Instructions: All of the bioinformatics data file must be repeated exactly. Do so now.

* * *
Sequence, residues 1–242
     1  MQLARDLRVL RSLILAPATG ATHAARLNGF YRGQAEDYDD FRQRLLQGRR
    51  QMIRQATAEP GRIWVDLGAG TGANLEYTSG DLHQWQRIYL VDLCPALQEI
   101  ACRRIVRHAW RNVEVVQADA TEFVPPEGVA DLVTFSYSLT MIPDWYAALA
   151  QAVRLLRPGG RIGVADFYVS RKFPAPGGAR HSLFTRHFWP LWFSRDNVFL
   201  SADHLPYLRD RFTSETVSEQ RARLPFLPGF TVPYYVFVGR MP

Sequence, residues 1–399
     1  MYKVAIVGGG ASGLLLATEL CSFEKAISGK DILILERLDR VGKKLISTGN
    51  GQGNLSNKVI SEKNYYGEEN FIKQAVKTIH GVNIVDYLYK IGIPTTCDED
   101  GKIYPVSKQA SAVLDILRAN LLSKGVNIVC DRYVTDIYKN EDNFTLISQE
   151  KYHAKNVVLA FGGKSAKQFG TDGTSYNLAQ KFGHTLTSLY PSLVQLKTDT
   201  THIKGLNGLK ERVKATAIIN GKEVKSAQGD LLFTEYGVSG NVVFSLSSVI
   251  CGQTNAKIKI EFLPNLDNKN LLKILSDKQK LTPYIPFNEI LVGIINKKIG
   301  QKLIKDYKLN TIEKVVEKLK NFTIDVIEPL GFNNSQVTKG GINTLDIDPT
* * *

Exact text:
Sequence, residues 1–242
     1  MQLARDLRVL RSLILAPATG ATHAARLNGF YRGQAEDYDD FRQRLLQGRR
    51  QMIRQATAEP GRIWVDLGAG TGANLEYTSG DLHQWQRIYL VDLCPALQEI
   101  ACRRIVRHAW RNVEVVQADA TEFVPPEGVA DLVTFSYSLT MIPDWYAALA
   151  QAVRLLRPGG RIGVADFYVS RKFPAPGGAR HSLFTRHFWP LWFSRDNVFL
   201  SADHLPYLRD RFTSETVSEQ RARLPFLPGF TVPYYVFVGR MP

Sequence, residues 1–399
     1  MYKVAIVGGG ASGLLLATEL CSFEKAISGK DILILERLDR VGKKLISTGN
    51  GQGNLSNKVI SEKNYYGEEN FIKQAVKTIH GVNIVDYLYK IGIPTTCDED
   101  GKIYPVSKQA SAVLDILRAN LLSKGVNIVC DRYVTDIYKN EDNFTLISQE
   151  KYHAKNVVLA FGGKSAKQFG TDGTSYNLAQ KFGHTLTSLY PSLVQLKTDT
   201  THIKGLNGLK ERVKATAIIN GKEVKSAQGD LLFTEYGVSG NVVFSLSSVI
   251  CGQTNAKIKI EFLPNLDNKN LLKILSDKQK LTPYIPFNEI LVGIINKKIG
   301  QKLIKDYKLN TIEKVVEKLK NFTIDVIEPL GFNNSQVTKG GINTLDIDPT